No joy in Muddville
By Dick Powell
You would have thought it was the stretch run of the Kentucky Derby (G1). At least for about 10 of us who all were rooting for the same horse in Sunday’s eighth race at Aqueduct.
BELLEVILLE SPRING is a 2yo gelding that ran second against open company at Churchill Downs last month for Wayne Mackey. The New York-bred gelding, by new sire, TRINNIBERG, was shifted to trainer George Weaver to race in New York and its lucrative racing program for state-breds.
Since Trinniberg stands in New York, Belleville Spring was kept eligible for the New York Stallion Series and Sunday’s feature race was the Great White Way division for 2yos going six furlongs on the main track.
Belleville Spring was foaled about 10 miles from my home by Phil Birsh, the owner breeder also of TENCENDUR, second in the Wood Memorial (G1). After his Churchill debut, he attracted a lot of attention but Birsh stayed the course. The $150,000 purse for the Great White Way helped.
It only looked like there was one horse to beat, STONEY BENNETT, who was a good second in the New York-bred Notebook Stakes last out after a bad start. The Notebook Stakes was a stronger race than a Stallion Series stakes race since New York-breds can be sired by any sire but Stallion Series runners have to be sired by a stallion that was standing in New York and made eligible for the series.
For instance, New York-bred BAR OF GOLD, sired by MEDAGLIA D’ORO and winner of the Breeders’ Cup Filly & Mare Sprint, was not eligible for the Stallion Series but MIND YOUR BISCUITS, sired by POSSE and winner of the Dubai Golden Shaheen (G1), was.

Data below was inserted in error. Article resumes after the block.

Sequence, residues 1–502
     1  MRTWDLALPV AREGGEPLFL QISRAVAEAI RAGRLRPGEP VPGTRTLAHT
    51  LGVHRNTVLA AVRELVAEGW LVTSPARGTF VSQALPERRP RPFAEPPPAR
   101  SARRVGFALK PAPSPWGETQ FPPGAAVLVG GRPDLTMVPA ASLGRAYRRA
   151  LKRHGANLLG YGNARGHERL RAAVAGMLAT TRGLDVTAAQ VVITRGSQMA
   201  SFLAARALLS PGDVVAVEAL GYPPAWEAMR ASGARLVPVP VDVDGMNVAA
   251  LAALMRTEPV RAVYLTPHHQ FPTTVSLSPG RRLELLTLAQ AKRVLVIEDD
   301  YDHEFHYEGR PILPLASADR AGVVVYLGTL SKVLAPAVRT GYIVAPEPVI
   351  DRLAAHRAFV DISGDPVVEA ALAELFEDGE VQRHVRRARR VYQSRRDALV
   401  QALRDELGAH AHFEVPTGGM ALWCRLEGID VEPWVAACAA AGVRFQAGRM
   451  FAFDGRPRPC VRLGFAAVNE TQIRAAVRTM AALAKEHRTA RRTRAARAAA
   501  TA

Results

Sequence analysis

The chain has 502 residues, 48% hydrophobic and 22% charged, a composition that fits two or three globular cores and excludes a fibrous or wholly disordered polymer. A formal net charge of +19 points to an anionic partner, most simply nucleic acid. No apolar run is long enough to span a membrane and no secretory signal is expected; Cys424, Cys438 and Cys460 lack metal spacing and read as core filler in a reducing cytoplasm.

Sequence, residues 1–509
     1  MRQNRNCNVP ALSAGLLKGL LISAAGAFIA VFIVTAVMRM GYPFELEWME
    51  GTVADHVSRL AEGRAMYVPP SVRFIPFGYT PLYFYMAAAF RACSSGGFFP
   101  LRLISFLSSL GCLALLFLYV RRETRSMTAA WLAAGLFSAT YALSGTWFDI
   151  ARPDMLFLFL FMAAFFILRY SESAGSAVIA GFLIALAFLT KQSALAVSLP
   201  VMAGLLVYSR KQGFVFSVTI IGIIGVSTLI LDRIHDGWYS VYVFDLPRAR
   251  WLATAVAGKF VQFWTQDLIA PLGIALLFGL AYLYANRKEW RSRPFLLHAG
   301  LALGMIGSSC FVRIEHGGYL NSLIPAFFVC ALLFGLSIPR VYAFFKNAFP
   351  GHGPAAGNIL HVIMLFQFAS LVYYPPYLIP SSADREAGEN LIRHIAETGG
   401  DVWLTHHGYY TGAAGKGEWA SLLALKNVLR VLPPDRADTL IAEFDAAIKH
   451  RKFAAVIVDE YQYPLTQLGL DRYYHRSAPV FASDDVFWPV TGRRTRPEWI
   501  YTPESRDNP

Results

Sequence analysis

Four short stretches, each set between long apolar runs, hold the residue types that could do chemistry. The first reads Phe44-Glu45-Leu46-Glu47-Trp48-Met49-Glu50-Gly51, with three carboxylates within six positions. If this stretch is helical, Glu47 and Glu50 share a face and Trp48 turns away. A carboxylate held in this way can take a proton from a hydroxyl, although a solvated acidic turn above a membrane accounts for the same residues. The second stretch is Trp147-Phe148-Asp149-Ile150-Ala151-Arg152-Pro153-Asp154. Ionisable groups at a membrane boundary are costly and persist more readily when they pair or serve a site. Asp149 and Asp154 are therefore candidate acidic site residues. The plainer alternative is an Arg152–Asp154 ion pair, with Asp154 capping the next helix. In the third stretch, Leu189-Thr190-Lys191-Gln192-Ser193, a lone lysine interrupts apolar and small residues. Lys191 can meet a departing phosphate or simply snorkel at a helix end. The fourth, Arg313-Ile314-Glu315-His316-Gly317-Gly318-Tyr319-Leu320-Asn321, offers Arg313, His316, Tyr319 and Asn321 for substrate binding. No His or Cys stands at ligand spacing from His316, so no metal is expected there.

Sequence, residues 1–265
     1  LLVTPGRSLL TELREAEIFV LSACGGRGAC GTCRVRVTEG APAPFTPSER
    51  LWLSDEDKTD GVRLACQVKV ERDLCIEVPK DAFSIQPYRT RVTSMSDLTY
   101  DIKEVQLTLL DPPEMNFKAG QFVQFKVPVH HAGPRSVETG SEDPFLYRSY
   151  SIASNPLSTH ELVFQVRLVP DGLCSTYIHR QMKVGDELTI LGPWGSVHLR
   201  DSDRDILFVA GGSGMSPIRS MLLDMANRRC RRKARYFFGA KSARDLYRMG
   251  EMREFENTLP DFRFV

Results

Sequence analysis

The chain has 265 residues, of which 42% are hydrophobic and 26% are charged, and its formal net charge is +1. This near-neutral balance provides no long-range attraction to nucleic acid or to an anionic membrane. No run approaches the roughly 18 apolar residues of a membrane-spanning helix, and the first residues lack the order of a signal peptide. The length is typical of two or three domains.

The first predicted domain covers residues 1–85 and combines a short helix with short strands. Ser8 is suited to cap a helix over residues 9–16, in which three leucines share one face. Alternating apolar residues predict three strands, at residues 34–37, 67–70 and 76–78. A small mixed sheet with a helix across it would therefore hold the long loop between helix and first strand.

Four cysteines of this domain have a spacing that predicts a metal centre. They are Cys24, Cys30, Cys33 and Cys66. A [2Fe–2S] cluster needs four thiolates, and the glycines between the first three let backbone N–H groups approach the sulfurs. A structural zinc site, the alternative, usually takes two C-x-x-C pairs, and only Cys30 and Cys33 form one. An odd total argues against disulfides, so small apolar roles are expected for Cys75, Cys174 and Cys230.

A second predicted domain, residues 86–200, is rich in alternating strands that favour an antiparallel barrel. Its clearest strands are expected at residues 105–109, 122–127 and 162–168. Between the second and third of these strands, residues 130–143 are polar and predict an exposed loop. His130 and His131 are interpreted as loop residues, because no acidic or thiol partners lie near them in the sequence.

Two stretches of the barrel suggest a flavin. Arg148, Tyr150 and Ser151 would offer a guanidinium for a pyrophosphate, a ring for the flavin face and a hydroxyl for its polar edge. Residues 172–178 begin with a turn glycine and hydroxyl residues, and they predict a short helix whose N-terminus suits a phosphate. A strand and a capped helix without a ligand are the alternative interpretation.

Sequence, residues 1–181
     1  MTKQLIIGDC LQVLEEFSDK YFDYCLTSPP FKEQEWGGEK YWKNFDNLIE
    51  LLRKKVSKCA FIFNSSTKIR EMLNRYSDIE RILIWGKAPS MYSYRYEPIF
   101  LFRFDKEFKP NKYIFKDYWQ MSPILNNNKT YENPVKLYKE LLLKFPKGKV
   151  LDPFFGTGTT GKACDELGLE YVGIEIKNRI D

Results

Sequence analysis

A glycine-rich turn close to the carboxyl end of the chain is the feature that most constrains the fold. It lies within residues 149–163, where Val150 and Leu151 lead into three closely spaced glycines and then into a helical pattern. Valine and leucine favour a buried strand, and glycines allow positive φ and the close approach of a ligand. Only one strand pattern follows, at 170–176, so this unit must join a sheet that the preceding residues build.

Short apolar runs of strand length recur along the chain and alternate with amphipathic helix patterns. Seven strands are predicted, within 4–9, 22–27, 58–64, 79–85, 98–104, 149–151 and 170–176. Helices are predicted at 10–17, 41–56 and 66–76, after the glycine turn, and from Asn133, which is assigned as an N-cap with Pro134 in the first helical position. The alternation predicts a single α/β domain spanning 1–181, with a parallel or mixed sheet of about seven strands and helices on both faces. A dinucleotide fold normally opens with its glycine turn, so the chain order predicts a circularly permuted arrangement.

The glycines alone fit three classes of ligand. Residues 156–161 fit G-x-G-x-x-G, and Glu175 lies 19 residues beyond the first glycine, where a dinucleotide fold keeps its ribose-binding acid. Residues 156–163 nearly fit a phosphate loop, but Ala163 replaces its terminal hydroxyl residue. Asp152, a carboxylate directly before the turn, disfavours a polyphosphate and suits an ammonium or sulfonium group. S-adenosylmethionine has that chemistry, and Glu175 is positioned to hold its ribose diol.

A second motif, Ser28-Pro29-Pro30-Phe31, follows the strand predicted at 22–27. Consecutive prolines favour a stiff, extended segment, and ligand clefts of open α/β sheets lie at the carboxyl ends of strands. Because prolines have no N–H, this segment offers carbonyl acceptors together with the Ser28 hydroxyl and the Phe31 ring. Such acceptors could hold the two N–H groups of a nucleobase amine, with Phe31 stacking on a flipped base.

Usually, the group I sit with can’t agree on anything, let alone who we like in any given race. But through some odd happenstance, we all had Belleville Spring without knowing it. His odds varied before the race but he took late money and was sent off as the third choice at 4.10 to 1.
Stoney Bennett was the overbet 7 to 10 favorite and he and DEZZER dueled for the lead. Belleville Spring was bumped at the start and wound up down on the rail behind a wall of horses.
On the far outside was AQUA BEL SAR but nobody was taking him serious at 37 to 1 as he raced four wide on the turn. The leaders backed up and suddenly, Manny Franco aboard Belleville Spring had nowhere to go. It was like a harness race where you are getting a dream trip in the pocket but the pace backs up and someone has clear sailing on the outside while you are stuck.
All Manny had to do was get some running room since there was no way Aqua Bel Sar could win. His trainer, Bisnatch Parboo, was winless in 2017 and his colt was beaten over nine lengths in his career debut against state-bred maidens two weeks ago. Out in the middle of the track, Aqua Bel Sar kept going but Manny found a hole at the top of the stretch and set sail. It was just a matter of time before he ran him down.
“Come on Manny!” we all cheered, unaware until that moment that we were all rooting for the same horse. The lead was shrinking but not as quick we thought it would. We cheered even louder, begging Manny to get up in time and with about 100 yards to go, our dreams came true as he poked a head in front.
But there was no joy in Mudville since Belleville Spring used up all his energy in the stretch drive and Aqua Bel Sar came back to win by a neck and pay $77 to win.
Aqua Bel Sar was sired by Trinniberg, the same as Belleville Spring. Parboo trained Trinniberg to win the Breeders’ Cup Sprint (G1) and many of his recent runners were sired by him. If you told me that a second-time starting maiden, sired by Trinniberg, would win the Great White Way division of the New York Stallion Series, I would have told you, “that’s easy – Belleville Spring.”
But it was the other Trinniberg, at a big price, that won and we were left to wonder how we lost a race that we were about to win.